1:47 But 1 the Levites, according to the tribe of their fathers, 2 were not numbered 3 among them. 1:48 The Lord had said to Moses, 4 1:49 “Only the tribe of Levi 5 you must not number 6 or count 7 with 8 the other Israelites. 1:50 But appoint 9 the Levites over the tabernacle of the testimony, 10 over all its furnishings and over everything in it. They must carry 11 the tabernacle and all its furnishings; and they 12 must attend to it and camp around it. 13 1:51 Whenever the tabernacle is to move, 14 the Levites must take it down, and whenever the tabernacle is to be reassembled, 15 the Levites must set it up. 16 Any unauthorized person 17 who approaches it must be killed.
1:52 “The Israelites will camp according to their divisions, each man in his camp, and each man by his standard. 1:53 But the Levites must camp around the tabernacle of the testimony, so that the Lord’s anger 18 will not fall on the Israelite community. The Levites are responsible for the care 19 of the tabernacle of the testimony.”
1 tn The vav (ו) on this word indicates a disjunction with the previous sequence of reports. It may be taken as a contrastive clause, translated “but” or “however.”
2 tn The construction is unexpected, for Levites would be from the tribe of Levi. The note seems more likely to express that all these people were organized by tribal lineage, and so too the Levites, according to the tribe of their fathers – individual families of Levites.
3 tc The form in the text is הָתְפָּקְדוּ (hotpaqÿdu); if this is correct, then it is an isolated instance of the reflexive of the Qal of פָּקַד (paqad). Some, however, explain the form as the Hitpael without the doubling of the middle letter and with a compensatory lengthening of the vowel before it (G. B. Gray, Numbers [ICC], 10).
4 tn Heb “had spoken to Moses, saying.” The infinitive construct of אָמַר (’amar), sometimes rendered “saying” in older English translations, does not need to be translated, but can be taken simply as the indicator of direct discourse. Most recent English translations, including the present one, leave the form untranslated for stylistic reasons to avoid redundancy.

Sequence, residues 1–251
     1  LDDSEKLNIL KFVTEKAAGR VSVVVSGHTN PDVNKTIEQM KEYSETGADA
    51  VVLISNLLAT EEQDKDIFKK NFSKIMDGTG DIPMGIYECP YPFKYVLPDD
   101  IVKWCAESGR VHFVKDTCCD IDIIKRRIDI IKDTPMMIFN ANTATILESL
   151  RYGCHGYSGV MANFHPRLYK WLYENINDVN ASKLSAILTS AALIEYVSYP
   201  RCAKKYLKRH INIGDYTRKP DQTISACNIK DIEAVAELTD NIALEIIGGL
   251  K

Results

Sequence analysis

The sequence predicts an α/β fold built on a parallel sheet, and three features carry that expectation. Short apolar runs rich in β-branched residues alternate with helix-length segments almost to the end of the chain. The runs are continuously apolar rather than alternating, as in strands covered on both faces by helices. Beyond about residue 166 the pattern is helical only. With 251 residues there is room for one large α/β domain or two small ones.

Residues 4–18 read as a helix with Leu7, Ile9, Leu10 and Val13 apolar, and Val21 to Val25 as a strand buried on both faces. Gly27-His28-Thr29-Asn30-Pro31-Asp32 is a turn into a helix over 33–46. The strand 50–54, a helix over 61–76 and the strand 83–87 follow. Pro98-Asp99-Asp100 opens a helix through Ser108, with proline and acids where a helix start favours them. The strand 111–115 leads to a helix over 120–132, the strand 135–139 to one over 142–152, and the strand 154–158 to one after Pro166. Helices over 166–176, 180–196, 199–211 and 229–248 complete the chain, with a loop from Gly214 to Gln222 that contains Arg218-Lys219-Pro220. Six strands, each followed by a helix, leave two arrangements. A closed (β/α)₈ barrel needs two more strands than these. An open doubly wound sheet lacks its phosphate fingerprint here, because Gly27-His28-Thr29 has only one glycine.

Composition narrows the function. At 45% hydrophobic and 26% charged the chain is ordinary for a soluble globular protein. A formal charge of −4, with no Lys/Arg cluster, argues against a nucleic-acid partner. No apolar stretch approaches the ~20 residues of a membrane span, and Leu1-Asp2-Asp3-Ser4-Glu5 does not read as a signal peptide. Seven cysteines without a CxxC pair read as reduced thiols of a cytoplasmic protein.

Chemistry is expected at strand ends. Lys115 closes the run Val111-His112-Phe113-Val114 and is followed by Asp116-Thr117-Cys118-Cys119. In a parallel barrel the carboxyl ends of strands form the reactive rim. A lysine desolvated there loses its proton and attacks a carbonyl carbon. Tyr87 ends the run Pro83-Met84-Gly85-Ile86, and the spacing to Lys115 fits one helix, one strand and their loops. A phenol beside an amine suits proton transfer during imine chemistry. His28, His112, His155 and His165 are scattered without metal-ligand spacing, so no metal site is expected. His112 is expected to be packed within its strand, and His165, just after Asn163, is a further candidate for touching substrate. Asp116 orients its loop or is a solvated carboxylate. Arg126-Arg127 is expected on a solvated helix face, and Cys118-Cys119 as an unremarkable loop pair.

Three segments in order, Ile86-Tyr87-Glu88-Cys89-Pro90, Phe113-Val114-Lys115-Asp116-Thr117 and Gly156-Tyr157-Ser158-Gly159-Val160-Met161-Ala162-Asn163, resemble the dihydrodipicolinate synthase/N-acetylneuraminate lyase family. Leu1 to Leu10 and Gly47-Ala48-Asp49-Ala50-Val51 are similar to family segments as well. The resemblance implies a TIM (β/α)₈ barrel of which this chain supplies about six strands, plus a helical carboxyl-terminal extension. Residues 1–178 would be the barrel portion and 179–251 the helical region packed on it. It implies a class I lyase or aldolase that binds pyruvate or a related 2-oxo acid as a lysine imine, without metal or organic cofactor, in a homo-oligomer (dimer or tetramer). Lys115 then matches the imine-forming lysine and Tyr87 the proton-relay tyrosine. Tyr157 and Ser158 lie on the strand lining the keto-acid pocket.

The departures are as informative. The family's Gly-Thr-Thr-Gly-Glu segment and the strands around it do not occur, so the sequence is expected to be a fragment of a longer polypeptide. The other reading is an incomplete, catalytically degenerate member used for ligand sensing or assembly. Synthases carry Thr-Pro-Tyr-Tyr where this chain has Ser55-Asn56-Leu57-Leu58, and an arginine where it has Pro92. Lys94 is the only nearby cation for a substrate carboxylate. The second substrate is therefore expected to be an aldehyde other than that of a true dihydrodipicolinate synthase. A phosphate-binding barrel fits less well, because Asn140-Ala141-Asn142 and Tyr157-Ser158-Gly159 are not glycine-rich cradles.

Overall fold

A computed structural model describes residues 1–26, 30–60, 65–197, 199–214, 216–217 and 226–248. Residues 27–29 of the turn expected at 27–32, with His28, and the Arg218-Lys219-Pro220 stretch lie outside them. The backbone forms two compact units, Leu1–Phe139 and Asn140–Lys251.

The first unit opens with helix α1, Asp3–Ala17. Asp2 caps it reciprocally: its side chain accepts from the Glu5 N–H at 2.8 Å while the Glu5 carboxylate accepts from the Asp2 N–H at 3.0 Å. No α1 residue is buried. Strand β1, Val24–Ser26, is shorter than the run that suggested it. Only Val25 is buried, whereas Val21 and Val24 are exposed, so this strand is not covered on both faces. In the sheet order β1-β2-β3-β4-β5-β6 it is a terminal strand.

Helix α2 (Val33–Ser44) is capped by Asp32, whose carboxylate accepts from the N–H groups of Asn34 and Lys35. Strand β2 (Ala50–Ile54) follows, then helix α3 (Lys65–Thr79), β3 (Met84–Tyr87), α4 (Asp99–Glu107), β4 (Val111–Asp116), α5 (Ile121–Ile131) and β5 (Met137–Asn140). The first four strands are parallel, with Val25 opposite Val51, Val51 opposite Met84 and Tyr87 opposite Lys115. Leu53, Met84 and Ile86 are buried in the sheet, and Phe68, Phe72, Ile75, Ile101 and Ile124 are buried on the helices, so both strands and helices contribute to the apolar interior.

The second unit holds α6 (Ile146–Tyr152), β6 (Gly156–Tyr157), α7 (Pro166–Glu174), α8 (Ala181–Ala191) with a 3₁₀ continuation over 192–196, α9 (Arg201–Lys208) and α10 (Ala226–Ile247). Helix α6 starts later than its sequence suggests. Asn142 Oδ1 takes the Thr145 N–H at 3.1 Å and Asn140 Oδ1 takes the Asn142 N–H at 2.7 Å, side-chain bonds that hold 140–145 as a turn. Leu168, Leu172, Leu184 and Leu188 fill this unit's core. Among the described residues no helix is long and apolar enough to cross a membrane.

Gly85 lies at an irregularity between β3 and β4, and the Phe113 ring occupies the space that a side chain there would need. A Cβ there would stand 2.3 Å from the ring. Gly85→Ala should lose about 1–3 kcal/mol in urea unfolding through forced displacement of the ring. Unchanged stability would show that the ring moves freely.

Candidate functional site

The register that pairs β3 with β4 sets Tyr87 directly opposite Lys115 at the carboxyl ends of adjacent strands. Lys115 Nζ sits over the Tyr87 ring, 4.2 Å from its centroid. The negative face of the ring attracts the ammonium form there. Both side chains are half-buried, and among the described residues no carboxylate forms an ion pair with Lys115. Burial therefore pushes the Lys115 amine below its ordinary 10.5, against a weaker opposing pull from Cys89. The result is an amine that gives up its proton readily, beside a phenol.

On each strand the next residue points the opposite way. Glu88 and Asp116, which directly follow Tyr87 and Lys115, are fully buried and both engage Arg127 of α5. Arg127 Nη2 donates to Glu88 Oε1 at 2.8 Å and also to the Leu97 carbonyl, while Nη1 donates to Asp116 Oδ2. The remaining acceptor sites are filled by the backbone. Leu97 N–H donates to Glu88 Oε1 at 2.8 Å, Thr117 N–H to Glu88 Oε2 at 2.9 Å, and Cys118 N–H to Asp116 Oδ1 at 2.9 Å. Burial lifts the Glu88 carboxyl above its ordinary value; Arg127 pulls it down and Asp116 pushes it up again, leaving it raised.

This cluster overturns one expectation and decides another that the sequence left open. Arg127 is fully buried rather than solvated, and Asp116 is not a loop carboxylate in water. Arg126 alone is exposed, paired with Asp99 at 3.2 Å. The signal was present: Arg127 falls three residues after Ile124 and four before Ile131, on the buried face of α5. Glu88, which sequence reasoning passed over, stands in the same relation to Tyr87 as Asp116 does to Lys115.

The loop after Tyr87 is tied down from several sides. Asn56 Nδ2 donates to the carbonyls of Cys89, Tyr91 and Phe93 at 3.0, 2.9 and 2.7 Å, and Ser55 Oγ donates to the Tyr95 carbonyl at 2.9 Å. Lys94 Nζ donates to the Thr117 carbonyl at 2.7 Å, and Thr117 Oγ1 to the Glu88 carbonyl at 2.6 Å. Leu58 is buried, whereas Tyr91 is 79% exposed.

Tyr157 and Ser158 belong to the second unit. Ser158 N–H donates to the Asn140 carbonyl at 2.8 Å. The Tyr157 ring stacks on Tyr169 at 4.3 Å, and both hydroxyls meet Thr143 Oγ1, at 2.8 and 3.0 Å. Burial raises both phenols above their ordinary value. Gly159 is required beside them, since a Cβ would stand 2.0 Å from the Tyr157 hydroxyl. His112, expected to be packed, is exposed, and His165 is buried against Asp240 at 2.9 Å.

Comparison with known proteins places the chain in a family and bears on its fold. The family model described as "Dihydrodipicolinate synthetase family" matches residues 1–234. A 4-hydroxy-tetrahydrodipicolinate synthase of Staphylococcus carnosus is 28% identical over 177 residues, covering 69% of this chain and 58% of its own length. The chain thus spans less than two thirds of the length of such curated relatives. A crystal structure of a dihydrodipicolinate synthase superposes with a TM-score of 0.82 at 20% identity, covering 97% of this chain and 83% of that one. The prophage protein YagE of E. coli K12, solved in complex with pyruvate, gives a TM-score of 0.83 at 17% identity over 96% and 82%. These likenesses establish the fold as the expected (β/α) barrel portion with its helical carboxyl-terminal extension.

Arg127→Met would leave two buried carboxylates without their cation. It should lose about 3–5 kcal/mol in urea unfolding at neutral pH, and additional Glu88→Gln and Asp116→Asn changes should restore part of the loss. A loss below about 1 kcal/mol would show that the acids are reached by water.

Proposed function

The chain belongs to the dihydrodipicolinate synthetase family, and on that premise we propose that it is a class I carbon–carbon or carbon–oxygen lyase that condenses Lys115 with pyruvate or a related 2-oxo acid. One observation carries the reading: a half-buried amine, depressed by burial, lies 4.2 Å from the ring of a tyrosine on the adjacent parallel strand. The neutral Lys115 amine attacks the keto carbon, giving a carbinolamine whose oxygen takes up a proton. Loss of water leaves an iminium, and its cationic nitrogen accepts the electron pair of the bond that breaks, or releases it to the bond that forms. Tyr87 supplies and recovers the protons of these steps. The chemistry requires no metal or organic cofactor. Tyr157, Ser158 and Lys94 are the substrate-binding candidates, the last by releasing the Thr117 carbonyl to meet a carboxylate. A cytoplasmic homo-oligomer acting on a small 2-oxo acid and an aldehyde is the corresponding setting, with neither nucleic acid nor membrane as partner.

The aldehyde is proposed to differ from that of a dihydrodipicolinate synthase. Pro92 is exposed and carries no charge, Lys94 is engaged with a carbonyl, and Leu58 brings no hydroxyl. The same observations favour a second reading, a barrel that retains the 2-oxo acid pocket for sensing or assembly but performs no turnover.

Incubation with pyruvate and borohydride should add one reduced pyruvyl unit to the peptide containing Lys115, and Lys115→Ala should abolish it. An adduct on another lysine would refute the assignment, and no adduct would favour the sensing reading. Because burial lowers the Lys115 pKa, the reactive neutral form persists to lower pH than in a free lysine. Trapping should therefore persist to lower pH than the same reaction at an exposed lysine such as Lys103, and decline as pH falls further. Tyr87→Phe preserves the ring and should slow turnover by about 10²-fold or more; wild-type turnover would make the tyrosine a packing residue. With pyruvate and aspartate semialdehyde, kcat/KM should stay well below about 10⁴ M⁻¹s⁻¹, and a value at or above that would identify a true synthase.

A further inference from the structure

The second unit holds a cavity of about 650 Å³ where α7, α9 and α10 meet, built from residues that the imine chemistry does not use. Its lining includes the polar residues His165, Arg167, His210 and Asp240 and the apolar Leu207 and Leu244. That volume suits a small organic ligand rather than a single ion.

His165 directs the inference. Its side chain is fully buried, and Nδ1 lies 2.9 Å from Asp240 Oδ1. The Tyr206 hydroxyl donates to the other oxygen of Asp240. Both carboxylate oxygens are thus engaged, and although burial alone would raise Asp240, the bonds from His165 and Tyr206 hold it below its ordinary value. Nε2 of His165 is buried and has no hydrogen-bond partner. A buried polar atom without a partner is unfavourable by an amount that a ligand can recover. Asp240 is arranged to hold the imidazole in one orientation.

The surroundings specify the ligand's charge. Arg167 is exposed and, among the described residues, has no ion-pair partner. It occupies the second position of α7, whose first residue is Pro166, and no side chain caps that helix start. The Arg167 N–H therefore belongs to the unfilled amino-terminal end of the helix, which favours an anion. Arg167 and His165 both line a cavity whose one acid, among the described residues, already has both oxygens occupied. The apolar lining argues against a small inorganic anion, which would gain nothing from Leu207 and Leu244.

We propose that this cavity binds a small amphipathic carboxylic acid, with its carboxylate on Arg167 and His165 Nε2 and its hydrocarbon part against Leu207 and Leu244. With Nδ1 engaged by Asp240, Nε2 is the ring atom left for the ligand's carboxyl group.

6 tn The construction has literally, “only the tribe of Levi you shall not number.” The Greek text rendered the particle אַךְ (’akh) forcefully with “see to it that” or “take care that.” For the uses of this form, see R. J. Williams, Hebrew Syntax, 65, §388-89.
7 tn Heb “lift up their head.”
8 tn Heb “in the midst of the sons of Israel.”
9 tn The same verb translated “number” (פָּקַד, paqad) is now used to mean “appoint” (הַפְקֵד, hafqed), which focuses more on the purpose of the verbal action of numbering people. Here the idea is that the Levites were appointed to take care of the tabernacle. On the use of this verb with the Levites’ appointment, see M. Gertner, “The Masorah and the Levites,” VT 10 (1960): 252.
10 tn The Hebrew name used here is מִשְׁכַּן הָעֵדֻת (mishkan ha’edut). The tabernacle or dwelling place of the
11 tn The imperfect tense here is an obligatory imperfect telling that they are bound to do this since they are appointed for this specific task.
12 tn The addition of the pronoun before the verb is emphatic – they are the ones who are to attend to the tabernacle. The verb used is שָׁרַת (sharat) in the Piel, indicating that they are to serve, minister to, attend to all the details about this shrine.
13 tn Heb “the tabernacle.” The pronoun (“it”) was used in the translation here for stylistic reasons.
14 tn The construction uses the infinitive construct with the temporal preposition; the “tabernacle” is then the following genitive. Literally it is “and in the moving of the tabernacle,” meaning, “when the tabernacle is supposed to be moved,” i.e., when people are supposed to move it. The verb נָסָע (nasa’) means “pull up the tent pegs and move,” or more simply, “journey.”
15 tn Here we have the parallel construction using the infinitive construct in a temporal adverbial clause.
16 tn Heb “raise it up.”
17 tn The word used here is זָר (zar), normally translated “stranger” or “outsider.” It is most often used for a foreigner, an outsider, who does not belong in Israel, or who, although allowed in the land, may be viewed with suspicion. But here it seems to include even Israelites other than the tribe of Levi.
18 tc Instead of “wrath” the Greek text has “sin,” focusing the emphasis on the human error and not on the wrath of God. This may have been a conscious change to explain the divine wrath.
tn Heb “so that there be no wrath on.” In context this is clearly the divine anger, so “the
19 tn The main verb of the clause is the perfect tense with vav (ו) consecutive, וְשָׁמְרוּ (vÿshamÿru) meaning they “shall guard, protect, watch over, care for.” It may carry the same obligatory nuance as the preceding verbs because of the sequence. The object used with this is the cognate noun מִשְׁמֶרֶת (mishmeret): “The Levites must care for the care of the tabernacle.” The cognate intensifies the construction to stress that they are responsible for this care.
20 tc The LXX adds “and Aaron.”